Cells have developed a sophisticated approach to the initial sensing and subsequent repair of DNA damage to preserve genetic stability. The objective of my clinico-translational laboratory is to understand the effect of the tumour microenvironment on the ATM-p53-53BP1 DNA damage signaling pathway and DNA double-strand break (DNA-dsb) repair. Our studies suggest that hypoxic tumour cells can have decreased DNA-dsb repair (e.g., decreased homologous recombination) and an aggressive ''mutator'' phenotype. We are therefore tracking DNA damage responses and repair within normal and tumour tissues to develop novel diagnostics and molecular-targeted therapies.
We interrogate protein-protein interactions during DNA-dsb repair and cell-cycle checkpoints using: siRNA knockdowns, DNA-rejoining assays (comet and CFGE assays), chromatin immunoprecipitation (ChIP), biochemical fractionation, fluorescently-tagged proteins and quantitative confocal microscopy with UV-microbeams (www.sttarr.ca).
- Cancer therapy and DNA repair: Mutations in DNA repair and tumour suppressor genes are common in many human cancers. We are interested in certain mutated DNA damage proteins (i.e., MTp53, ATM, 53BP1) and DNA damage cell cycle checkpoints. This can lead to therapy resistance. We are tracking the sub-cellular location and function of ATM-dependent protein phosphoforms in response to DNA breaks and evaluating new therapies that target MTp53.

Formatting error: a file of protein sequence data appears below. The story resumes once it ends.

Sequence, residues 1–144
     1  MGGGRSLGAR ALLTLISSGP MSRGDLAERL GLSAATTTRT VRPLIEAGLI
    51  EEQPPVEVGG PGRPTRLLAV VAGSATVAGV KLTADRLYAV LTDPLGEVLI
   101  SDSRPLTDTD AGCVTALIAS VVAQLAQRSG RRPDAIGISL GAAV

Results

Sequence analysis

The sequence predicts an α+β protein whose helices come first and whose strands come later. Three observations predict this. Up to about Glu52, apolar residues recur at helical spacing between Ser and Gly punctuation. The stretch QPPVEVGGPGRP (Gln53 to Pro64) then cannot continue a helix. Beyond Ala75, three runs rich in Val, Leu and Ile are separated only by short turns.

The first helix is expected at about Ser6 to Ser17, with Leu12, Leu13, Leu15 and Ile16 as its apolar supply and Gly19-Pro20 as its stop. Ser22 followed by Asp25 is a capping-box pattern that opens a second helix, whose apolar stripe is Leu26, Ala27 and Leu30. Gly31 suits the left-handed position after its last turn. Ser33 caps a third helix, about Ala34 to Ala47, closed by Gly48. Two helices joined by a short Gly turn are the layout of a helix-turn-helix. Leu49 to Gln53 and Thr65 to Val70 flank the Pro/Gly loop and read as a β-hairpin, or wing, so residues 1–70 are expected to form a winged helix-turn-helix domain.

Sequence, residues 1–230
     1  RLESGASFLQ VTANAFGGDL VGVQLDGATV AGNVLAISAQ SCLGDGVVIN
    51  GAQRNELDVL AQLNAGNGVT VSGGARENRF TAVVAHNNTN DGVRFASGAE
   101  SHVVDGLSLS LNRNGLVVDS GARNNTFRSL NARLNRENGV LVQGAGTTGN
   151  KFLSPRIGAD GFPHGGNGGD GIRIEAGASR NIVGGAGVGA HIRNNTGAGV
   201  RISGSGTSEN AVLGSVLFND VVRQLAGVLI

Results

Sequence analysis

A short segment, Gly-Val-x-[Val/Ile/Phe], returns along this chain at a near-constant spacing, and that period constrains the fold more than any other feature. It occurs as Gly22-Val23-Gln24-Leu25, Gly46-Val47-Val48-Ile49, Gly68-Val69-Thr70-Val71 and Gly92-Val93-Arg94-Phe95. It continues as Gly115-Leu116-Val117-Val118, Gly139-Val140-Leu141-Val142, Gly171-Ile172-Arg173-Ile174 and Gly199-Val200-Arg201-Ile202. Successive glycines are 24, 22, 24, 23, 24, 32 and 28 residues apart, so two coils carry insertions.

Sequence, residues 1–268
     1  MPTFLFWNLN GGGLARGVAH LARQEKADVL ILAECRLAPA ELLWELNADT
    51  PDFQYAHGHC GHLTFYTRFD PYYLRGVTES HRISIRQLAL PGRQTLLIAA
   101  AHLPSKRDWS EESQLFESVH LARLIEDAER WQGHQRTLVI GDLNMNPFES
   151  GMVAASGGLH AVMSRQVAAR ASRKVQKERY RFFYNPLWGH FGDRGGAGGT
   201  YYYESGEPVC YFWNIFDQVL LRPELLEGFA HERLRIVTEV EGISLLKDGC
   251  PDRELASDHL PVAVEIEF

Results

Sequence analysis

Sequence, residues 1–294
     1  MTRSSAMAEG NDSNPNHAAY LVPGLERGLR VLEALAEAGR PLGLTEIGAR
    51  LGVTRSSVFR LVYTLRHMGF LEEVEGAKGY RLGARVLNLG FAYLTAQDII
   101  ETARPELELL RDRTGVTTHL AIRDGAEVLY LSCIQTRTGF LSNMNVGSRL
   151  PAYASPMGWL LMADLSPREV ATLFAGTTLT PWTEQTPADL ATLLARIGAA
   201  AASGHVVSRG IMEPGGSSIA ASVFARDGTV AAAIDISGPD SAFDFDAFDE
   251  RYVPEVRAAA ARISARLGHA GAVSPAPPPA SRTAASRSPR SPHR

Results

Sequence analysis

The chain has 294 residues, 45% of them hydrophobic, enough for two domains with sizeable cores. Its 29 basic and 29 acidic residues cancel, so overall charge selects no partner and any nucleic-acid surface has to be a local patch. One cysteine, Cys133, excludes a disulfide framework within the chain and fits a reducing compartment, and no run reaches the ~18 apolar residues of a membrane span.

- Hypoxia, DNA repair and prostate cancer: Many prostate cancer patients die each year solely from the failure of radical radiotherapy to control the primary tumour. We are interested in developing genomic (SNP, CGH) and proteomic (serum, plasma or urine) biomarkers to predict cancer therapy cure and toxicity. This includes the assessment of tissue microarrays (TMAs) for novel protein expression in patients who fail therapy. For example, we are investigating the role of hypoxia as a negative prognostic factor in prostate and other cancers. We believe that novel cancer therapies can target these resistant hypoxic cells by taking advantage of DNA repair defects. We therefore hope to select the most effective treatment for individual patients based on individual biology. For more information, vist the UHN Radiation Medicine Program website.